Weekly Music Sales Report and Analysis: 15 April 2015

Mid-April! Are things warming up for the music industry like they are outside?  Not really.

There’s only one debut in the Canadian Top 10 this week (more anon) but we’re still ahead 3% over the same period in 2014. I probably shouldn’t have to tell you that physical CD sales continue to drop and are now 6% lower year-to-date. However, digital album sales  up 12% over 2014.  Meanwhile, digital track sales are down 4% from this time last year.

Francophone artist Yoan’s self-titled debut album hangs in at #1 on the Top Albums chart for the third straight week, with 13,000 units sold. We haven’t seen an album stick at #1 this long since Taylor Swift’s 1989 in January and a Canadian artist hasn’t done it since Michael Buble’s To Be Loved in May 2013. The one debut in the Top 10 comes from All Time Low’s Future Heart which enters at #3 with 5,100 units sold.

On the digital tracks chart, Wiz Khalifa’s “See You Again” had 44,000 downloads, bumping off “Uptown Funk,” which only say 14,000 downloads.  Streaming-wise, Khailfa had a whopping 2.36 million streams, the second-highest one week stream total ever in Canada.  “Uptown Funk” falls out of the top spot for the first time in 11 weeks but still had 1.52 million streams. At #3, Ed Sheeran’s “Thinking Out Loud” is at # 3 with 1.12 million listens.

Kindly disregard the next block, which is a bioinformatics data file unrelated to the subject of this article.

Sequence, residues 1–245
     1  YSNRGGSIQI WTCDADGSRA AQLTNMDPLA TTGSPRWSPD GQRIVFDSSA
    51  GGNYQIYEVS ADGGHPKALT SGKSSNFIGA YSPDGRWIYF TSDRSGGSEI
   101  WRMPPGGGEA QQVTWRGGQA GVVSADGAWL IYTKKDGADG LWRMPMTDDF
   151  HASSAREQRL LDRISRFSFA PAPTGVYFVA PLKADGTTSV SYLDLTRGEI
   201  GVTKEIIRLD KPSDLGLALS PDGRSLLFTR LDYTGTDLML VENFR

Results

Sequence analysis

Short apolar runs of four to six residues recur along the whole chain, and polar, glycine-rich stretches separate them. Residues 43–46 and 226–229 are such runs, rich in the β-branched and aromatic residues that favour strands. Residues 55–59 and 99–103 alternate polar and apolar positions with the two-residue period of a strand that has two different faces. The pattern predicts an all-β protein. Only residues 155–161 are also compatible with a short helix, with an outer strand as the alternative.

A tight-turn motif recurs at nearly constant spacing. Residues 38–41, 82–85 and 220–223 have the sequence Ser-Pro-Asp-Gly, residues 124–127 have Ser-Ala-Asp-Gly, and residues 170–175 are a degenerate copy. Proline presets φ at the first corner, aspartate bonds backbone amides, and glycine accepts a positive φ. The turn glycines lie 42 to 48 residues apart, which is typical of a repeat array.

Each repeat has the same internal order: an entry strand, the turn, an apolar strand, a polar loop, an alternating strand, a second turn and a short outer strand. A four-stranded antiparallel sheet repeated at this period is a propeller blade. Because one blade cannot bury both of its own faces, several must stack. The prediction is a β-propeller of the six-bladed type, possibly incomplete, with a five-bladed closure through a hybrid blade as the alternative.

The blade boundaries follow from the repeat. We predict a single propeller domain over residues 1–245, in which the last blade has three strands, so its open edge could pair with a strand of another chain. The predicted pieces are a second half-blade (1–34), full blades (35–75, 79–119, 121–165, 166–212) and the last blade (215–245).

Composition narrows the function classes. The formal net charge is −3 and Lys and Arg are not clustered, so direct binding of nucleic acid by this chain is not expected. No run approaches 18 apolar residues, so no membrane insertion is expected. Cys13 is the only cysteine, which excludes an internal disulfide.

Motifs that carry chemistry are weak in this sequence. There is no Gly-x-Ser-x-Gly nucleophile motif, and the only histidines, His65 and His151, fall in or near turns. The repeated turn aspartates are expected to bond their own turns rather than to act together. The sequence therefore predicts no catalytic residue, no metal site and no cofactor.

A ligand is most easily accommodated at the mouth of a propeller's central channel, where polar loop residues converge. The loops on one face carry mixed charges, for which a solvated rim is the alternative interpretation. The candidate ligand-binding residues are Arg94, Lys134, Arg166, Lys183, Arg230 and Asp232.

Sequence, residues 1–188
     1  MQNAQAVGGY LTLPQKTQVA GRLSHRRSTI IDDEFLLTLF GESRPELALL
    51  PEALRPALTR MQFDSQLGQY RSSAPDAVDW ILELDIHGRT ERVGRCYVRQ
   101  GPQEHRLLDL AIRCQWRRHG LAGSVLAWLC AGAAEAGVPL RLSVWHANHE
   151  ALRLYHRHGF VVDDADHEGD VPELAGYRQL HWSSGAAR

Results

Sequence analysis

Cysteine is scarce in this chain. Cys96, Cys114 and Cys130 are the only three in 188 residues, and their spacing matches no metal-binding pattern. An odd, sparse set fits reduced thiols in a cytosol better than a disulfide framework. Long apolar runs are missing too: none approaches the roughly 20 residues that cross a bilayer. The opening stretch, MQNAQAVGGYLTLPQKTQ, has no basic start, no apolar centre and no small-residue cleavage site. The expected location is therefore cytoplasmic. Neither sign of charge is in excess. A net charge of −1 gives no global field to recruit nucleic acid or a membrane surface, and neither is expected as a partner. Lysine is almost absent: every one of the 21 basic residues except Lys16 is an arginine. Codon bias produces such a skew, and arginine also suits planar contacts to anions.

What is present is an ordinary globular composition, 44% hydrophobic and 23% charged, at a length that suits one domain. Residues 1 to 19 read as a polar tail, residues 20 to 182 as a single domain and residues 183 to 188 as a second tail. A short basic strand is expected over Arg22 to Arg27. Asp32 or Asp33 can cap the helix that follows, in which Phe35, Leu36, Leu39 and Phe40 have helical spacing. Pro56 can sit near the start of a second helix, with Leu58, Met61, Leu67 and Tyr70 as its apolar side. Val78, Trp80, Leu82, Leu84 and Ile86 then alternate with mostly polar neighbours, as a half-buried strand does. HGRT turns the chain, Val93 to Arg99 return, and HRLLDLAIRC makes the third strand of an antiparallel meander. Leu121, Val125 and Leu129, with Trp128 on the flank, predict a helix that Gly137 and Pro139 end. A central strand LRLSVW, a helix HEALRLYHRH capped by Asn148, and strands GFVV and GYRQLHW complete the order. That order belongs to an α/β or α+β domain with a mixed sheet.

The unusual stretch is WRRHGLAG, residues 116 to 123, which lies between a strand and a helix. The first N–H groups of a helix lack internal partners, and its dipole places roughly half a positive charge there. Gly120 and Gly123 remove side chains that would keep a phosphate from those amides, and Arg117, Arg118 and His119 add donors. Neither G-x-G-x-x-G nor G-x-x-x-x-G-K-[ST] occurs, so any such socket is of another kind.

Over in ‘Mercia (where they have a complicated way of determining the top albums), it’s the Furious 7 at #1, moving the equivalent (don’t ask) of 111,000  copies.  Thank Wiz Khalifa for that, because “See You Again” is a single from the soundtrack.

There are two debuts on the American album charts: All Time Low’s Future Hearts (#2, 80,000 copies) and Lord Huron’s Strange Tails (#10, 18,000 copies.)  Wiz is at #1 on the digital chart with 464,000, kicking “Uptown Funk” out of the top spot after 11 weeks. It also was streaming 25 million times.

All figures courtesy Nielsen SoundScan.

Alan Cross

is an internationally known broadcaster, interviewer, writer, consultant, blogger and speaker. In his 30+ years in the music business, Alan has interviewed the biggest names in rock, from David Bowie and U2 to Pearl Jam and the Foo Fighters. He’s also known as a musicologist and documentarian through programs like The Ongoing History of New Music.

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